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Thursday, November 27, 2008

The 19th Wife by David Ebershoff

Posted by Irish in Review0 Comments

Publisher: Random House
Publication Year: 2008
ISBN: 1400063973
Format: Audio
Pages: 514 (Hardcover)
Audio Length: 15 discs (19 hrs)
Narrators: Kimberly Farr, Rebecca Lowman, Arthur Morey, Daniel Passer.
Rating: 3.5 out of 5 stars
The 19th Wife by David Ebershoff is another of those books that I first heard about when it was an offering on LibraryThing’s early reviewer program. As with many other books I didn’t win this one but the title and description stayed with me and so when I recognized the audio version sitting on the shelf of my local library I immediately checked it out. The story deals with that sect of Mormonism that still claim that having multiple wives is the will of God. The modern story is about Jordan and his mother, the 19th wife at a cult-like sect of Mormonism in Utah. Jordan was expelled from the community years earlier but finds himself drawn home when his mother is accused of murdering his father. But that is just one layer of the story. The other layer goes back in time to the early days of the Mormon religion. With its famous leader Brigham Young and his equally famous wife Ann Eliza Young….another women who was called the 19th wife.

Initially the story of Ann Eliza is one that that is supposed to teach and educate the reader about the Mormon religion. To explain its origins and how polygamy was initially part of that but due to efforts of Ann Eliza and church leaders after Brigham how the practice fell out of favor. This is wonderful historical information and I loved learned about this churches history. It was nice to see it in print so that others might learn and know that the majority of Mormons aren’t like the sects you see on the evening news….that use the old teachings as way to explain away their actions. (hmm…sounds a bit like other religious sects & even some mainstream ones too don’t you think?). Anywho, this backstory soon dominates the book. The reader spends more and more time in Ann Eliza’s world that the one of Jordan becomes secondary and a bit of a distraction. I think that while the story of Ann Eliza could have stood strong on its own the modern story couldn’t. So instead it became back burner. Its narrative rushed and incomplete. It felt like an after thought and its ending was messy and a bit too clean cut. While the story of Ann Eliza was lyrical. It flowed nicely and really sucked you in wanting to know more about this women and that infamous man Brigham Young.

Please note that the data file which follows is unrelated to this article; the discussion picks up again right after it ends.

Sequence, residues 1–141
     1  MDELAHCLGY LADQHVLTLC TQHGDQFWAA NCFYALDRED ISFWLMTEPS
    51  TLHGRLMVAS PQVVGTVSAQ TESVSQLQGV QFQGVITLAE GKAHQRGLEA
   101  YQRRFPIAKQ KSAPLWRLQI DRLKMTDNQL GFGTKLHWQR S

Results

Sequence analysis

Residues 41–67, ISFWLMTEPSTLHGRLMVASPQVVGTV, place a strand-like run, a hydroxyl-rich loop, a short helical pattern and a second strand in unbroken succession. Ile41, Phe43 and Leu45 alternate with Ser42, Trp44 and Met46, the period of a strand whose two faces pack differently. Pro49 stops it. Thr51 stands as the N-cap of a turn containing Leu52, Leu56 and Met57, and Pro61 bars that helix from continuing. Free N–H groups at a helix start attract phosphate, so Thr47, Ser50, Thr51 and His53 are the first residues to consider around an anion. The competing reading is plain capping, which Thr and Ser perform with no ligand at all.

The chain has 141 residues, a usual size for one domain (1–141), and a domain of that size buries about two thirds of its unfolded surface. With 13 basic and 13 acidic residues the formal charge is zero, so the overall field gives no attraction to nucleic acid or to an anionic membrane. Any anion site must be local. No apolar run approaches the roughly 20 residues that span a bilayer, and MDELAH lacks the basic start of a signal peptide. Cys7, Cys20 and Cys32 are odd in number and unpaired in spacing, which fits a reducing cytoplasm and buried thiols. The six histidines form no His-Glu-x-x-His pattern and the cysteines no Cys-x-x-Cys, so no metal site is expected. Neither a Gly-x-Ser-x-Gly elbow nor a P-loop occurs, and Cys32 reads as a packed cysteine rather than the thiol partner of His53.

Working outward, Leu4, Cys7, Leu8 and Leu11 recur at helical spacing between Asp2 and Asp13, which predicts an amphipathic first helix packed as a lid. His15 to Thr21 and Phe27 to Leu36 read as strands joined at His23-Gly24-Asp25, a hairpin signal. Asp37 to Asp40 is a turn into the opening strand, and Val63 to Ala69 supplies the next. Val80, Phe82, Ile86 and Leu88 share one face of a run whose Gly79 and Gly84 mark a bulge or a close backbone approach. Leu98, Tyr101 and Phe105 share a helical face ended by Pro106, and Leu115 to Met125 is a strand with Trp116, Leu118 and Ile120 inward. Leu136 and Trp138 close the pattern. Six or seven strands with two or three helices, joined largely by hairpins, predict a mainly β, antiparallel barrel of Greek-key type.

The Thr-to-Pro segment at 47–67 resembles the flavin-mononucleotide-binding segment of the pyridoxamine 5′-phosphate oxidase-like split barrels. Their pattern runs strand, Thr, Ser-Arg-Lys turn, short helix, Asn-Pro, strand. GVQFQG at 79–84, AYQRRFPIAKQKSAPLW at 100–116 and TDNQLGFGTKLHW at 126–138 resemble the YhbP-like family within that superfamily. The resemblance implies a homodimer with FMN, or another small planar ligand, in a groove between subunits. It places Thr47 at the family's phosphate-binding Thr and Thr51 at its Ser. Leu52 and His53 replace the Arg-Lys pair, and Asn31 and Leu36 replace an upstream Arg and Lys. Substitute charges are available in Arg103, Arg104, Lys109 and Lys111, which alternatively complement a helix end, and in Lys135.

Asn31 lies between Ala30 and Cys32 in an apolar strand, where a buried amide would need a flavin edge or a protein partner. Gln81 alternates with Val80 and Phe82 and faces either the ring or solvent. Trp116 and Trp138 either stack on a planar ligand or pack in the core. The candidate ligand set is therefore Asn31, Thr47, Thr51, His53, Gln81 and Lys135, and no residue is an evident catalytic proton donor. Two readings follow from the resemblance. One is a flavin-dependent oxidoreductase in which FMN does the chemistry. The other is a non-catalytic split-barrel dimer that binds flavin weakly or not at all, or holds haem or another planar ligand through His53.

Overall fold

I also loved the audio of this book. Although I must admit that while two female narrators are listed…I could never distinguish two distinct female voices. I had no such problem with the male voices. One was deep and strong and served as that of Brigham and other males in Ann Eliza’s voice. The other was more feminized, higher pitched but no less melodic and served as the voice of Jordan. All the voices blended well together and really served to bring this story to life. I enjoyed this novel and would recommend it to any that enjoy a historical novel. However, you may want to skip the modern story. Its weak and watered down and you won’t miss much.